Canada is generally perceived as one of the greatest countries in the world in which to live. It has a vast and diverse geography rich in natural resources, clean air and a vast territory. When it comes to health however, we unfortunately have serious disparities. Some Canadians live their lives in excellent health with one of the highest life expectancies in the world; paradoxically others spend their life in poor health, with a life expectancy similar to some third world countries. The unfortunate Canadians, who suffer poor health throughout their lifetime, are frequently less productive adding to the burden on the health care delivery system and social safety net. We cannot correct this inequity through the health care delivery system itself, regardless of the expenditure we devote to it. ....
From Background of Subcomimittee
Ottawa, June 4, 2009 – Today, the Subcommittee on Population Health of the Standing Senate Committee on Social Affairs, Science and Technology tabled its report, “A Healthy, Productive Canada: A Determinant Of Health Approach”.
With the release of this final report, the subcommittee has come to the end of a long journey that began in February 2007, during the 1st session of the 39th Parliament, when the subcommittee received a mandate from the Senate “to examine and report on the impact of the multiple factors and conditions that contribute to the health of Canada’s population – referred to collectively as the determinants of health.”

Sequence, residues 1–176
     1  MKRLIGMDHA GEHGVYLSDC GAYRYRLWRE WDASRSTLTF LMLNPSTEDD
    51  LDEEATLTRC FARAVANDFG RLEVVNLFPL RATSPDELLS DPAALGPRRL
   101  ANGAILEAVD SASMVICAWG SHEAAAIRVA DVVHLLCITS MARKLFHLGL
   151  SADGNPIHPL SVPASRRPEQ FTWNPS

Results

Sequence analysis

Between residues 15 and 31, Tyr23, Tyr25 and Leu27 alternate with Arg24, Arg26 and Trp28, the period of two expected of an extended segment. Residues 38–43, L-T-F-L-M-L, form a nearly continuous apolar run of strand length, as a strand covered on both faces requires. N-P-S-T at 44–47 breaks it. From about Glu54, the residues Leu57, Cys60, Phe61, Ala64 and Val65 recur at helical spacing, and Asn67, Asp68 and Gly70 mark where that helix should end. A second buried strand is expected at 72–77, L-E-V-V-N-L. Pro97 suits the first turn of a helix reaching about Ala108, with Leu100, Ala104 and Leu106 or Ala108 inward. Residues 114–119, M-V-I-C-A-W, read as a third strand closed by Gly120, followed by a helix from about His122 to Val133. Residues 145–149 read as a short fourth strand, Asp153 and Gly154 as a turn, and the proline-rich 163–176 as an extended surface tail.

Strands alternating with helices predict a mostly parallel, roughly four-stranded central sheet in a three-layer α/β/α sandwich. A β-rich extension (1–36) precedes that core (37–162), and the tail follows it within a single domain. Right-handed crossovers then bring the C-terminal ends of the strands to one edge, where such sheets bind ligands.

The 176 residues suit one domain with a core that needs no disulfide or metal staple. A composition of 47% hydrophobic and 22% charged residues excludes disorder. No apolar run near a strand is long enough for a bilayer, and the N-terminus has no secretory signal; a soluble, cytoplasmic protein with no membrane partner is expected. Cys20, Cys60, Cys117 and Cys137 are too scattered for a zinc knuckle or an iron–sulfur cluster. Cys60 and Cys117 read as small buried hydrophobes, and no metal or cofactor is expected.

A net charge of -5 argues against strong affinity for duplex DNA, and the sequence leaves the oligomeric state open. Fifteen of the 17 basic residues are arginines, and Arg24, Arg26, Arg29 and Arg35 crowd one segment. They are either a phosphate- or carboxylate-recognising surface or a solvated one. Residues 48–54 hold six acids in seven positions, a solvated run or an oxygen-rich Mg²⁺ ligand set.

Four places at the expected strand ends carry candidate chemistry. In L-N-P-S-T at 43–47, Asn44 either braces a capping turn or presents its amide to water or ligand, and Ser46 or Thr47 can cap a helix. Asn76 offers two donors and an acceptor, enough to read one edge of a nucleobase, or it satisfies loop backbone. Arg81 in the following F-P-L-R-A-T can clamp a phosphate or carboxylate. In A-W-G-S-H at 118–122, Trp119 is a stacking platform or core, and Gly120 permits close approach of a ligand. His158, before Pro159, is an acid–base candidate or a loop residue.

Over the past year, the subcommittee has published four in-depth reports examining various aspects of population health policy: Population Health Policy: International Perspectives, Maternal Health and Early Child Development in Cuba, Health Policy in Canada: Federal and Provincial/Territorial Perspectives and Population Health Policy: Issues and Options. These reports have clearly established that multiple factors and conditions – or “determinants” – contribute to or undermine the health of Canadians.
Senator Keon, Chair of the subcommittee stated that: “The federal role is to assist with the building of healthy and vibrant communities. The need to provide funding in a flexible manner is imperative so as to allow and stimulate communities to be more creative in the development of programs oriented toward the development of healthy practices”.
Senator Pépin, Deputy Chair of the subcommittee, added that: “Even if well integrated, health care services alone, do not make a community healthy. Goverments at all level should support an overall, community-based approach to health and human development and assist with the integration of health and social services, wherever possible, and where it makes sense for the users”.
The subcommittee found that Canada is seriously falling behind countries such as the United Kingdom and Sweden and stated that it is unacceptable for a wealthy country such as Canada to continue to tolerate such disparities in health. Furthermore the subcommittee stressed that disparities may widen even further with the current economic crisis, which is unprecedented in terms of its global reach and impact. The subcommittee maintains that a whole of government approach is required with intersectoral action embracing business, volunteers and community organizations. This will not be easy, but it can and must be done. We cannot afford to do otherwise, says the report.